Everything was going smoothly for Wisconsin in the first two months of the season. The Badgers were 11-2 and had reached a rank of No. 14.
But then Tyler Wahl injured his ankle. Minus its most experienced player, Wisconsin lost three straight games. Wahl has since returned but the Badgers have continued to struggle.
Wisconsin (12-6, 4-4 Big Ten) will try to recapture its groove in a rematch with Maryland (12-7, 3-5) on Wednesday night in College Park, Md. The Badgers began Big Ten play with a 64-59 defeat of the Terrapins on Dec. 6.
Wisconsin’s frustration continued Monday night with a 66-63 loss at Northwestern. After Stephen Crowl’s layup gave Wisconsin a 61-60 lead, the Badgers missed their final seven shots from the floor and three of their five free throws.
“So many self-inflicted things that we did between the fouling, the unnecessary turnovers and then down the stretch,” Wisconsin coach Greg Gard said.
Jordan Davis led Wisconsin with 15 points. Chuckie Hepburn added 12 points but made only 4 of 16 shots from the floor.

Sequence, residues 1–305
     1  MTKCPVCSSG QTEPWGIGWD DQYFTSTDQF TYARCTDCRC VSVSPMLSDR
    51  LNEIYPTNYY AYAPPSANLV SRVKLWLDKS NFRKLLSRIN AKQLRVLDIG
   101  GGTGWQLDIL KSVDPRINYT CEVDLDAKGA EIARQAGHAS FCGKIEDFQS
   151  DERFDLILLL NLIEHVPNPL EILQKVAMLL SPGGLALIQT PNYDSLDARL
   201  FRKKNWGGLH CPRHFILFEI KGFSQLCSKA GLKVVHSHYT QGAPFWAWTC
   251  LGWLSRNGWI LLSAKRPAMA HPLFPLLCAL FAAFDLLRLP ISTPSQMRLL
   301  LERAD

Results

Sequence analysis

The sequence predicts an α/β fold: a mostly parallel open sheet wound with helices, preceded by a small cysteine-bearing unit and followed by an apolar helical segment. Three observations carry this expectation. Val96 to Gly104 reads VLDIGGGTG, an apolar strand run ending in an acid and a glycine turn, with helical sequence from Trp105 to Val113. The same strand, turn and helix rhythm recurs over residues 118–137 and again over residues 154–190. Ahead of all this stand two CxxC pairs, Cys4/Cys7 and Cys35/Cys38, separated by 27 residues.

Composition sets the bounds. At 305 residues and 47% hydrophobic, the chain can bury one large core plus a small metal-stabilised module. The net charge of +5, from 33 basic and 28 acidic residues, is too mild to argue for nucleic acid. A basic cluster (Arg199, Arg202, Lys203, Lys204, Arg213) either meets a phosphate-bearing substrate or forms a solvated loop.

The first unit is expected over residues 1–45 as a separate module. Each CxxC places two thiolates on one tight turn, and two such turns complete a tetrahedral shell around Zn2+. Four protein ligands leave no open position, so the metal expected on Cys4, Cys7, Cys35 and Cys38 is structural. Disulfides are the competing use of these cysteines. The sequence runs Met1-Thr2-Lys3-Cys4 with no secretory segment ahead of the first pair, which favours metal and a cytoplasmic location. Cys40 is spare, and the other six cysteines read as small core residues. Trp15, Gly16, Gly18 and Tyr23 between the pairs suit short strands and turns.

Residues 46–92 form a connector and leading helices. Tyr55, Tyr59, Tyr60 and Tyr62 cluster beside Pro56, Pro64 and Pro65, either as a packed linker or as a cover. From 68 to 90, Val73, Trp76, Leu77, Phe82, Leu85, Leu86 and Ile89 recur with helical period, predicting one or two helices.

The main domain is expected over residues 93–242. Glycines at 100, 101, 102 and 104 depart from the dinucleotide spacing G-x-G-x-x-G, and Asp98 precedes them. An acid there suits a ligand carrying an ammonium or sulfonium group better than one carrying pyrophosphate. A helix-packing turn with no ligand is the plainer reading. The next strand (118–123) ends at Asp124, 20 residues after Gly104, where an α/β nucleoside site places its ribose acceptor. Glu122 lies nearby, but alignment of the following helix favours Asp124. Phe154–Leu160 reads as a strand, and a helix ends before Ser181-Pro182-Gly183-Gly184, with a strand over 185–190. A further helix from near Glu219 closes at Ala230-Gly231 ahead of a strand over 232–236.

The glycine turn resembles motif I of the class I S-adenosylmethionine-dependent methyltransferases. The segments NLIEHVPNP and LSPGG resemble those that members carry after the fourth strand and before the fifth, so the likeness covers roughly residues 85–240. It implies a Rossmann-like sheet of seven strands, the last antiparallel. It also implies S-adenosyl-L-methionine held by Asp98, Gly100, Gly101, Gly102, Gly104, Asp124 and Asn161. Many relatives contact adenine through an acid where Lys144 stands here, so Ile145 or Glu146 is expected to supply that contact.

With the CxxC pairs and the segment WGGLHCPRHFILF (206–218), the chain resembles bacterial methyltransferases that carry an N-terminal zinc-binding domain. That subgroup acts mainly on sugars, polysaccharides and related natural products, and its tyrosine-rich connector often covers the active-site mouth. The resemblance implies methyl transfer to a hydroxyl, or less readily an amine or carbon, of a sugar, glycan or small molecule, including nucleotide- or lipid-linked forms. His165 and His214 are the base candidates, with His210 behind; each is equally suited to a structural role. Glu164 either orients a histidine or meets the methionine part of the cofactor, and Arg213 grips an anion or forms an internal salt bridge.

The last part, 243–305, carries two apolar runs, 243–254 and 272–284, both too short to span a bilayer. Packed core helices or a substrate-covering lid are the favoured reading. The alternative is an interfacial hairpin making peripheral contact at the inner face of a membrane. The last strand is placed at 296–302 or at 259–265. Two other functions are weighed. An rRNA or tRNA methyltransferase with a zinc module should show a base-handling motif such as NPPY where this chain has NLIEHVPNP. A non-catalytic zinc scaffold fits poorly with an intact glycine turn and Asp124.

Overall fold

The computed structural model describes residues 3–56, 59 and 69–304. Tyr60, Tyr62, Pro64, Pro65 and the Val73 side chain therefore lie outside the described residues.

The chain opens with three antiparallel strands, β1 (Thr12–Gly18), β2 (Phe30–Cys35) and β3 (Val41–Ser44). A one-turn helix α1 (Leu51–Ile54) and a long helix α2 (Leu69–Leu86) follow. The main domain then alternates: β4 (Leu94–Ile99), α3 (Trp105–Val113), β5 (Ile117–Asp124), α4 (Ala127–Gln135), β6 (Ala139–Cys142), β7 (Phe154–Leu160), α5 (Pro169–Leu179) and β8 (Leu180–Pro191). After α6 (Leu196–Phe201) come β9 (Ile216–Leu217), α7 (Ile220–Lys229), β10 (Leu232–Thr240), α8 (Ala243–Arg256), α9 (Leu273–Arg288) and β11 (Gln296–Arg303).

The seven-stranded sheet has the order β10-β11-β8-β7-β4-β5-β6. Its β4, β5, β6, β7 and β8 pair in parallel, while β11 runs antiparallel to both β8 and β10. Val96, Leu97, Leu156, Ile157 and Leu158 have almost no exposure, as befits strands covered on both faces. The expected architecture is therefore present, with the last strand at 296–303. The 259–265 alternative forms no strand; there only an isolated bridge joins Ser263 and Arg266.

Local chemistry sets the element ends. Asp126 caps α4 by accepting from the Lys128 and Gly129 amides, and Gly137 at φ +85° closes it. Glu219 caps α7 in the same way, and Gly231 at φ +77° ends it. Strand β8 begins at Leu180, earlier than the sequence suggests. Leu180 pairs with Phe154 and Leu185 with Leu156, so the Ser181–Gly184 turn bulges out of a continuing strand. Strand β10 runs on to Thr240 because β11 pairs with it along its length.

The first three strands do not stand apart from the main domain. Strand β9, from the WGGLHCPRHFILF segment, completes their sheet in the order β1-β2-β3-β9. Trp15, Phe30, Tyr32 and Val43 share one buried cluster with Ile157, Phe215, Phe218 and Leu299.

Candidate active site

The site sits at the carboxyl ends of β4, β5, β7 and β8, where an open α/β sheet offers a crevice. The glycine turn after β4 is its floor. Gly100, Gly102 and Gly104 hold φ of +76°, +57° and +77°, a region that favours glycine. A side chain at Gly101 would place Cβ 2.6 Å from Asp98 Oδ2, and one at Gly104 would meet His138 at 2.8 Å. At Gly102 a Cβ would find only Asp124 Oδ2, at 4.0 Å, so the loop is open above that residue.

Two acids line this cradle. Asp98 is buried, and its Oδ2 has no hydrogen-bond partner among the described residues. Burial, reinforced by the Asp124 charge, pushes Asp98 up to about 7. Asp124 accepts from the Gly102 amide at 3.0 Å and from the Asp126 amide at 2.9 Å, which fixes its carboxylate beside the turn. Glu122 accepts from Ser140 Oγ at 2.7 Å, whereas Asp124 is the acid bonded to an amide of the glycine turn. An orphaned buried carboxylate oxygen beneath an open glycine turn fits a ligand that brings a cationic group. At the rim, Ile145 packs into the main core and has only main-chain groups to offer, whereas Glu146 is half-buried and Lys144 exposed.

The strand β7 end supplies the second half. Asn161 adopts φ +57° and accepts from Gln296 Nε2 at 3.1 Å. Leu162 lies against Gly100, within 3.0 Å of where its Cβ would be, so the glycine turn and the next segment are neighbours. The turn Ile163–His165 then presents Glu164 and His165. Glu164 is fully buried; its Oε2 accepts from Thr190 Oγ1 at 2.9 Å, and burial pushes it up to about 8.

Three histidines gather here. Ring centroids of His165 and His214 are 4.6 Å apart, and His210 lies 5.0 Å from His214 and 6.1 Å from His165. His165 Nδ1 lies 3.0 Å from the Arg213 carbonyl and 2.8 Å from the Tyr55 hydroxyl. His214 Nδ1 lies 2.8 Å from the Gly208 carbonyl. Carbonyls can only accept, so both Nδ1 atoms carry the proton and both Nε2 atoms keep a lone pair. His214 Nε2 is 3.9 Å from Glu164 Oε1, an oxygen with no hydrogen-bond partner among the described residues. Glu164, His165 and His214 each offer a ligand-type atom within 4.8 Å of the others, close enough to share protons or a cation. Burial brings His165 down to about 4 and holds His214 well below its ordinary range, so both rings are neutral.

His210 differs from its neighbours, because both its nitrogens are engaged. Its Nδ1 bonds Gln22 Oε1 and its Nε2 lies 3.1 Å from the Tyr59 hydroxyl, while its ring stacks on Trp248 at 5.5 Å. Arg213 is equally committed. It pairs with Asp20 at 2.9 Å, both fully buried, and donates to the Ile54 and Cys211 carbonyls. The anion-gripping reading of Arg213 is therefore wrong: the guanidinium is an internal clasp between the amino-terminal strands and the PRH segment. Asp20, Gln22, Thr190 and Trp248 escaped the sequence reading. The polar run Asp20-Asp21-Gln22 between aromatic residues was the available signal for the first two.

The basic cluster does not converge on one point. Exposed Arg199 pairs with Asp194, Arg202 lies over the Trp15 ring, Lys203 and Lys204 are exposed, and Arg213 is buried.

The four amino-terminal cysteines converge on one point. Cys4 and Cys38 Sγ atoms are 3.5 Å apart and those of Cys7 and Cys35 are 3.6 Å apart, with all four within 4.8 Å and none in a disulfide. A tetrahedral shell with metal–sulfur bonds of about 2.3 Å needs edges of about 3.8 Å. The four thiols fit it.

Wahl, who returned last week as Wisconsin had difficulty putting away Penn State, 63-60, has yet to play to his form. He had 11 points and four turnovers against Northwestern.
Just as Wisconsin did Monday, Maryland missed its final seven shots in a winnable game Sunday. But considering the 58-55 defeat came at Purdue, which is now ranked No. 1, there were positives for the Terps.
Maryland had a sizable problem with 7-foot-4 center Zach Edey (24 points, 16 rebounds) but held the rest of the Boilermakers to 10-for-35 shooting.
Julian Reese had his hands full with Edey and was in foul trouble throughout but still scored 19 points on 8-of-11 shooting.
“We can play with anybody in the country if we could bring that for 40 minutes,” said the Terps’ Jahmir Young, who scored all 10 of his points in the final 15 minutes to spark a rally from 16 points down.
Maryland has been the most site-dependent team in the league. In the Big Ten, the Terps have gone 3-0 at home and 0-5 on the road.
–Field Level Media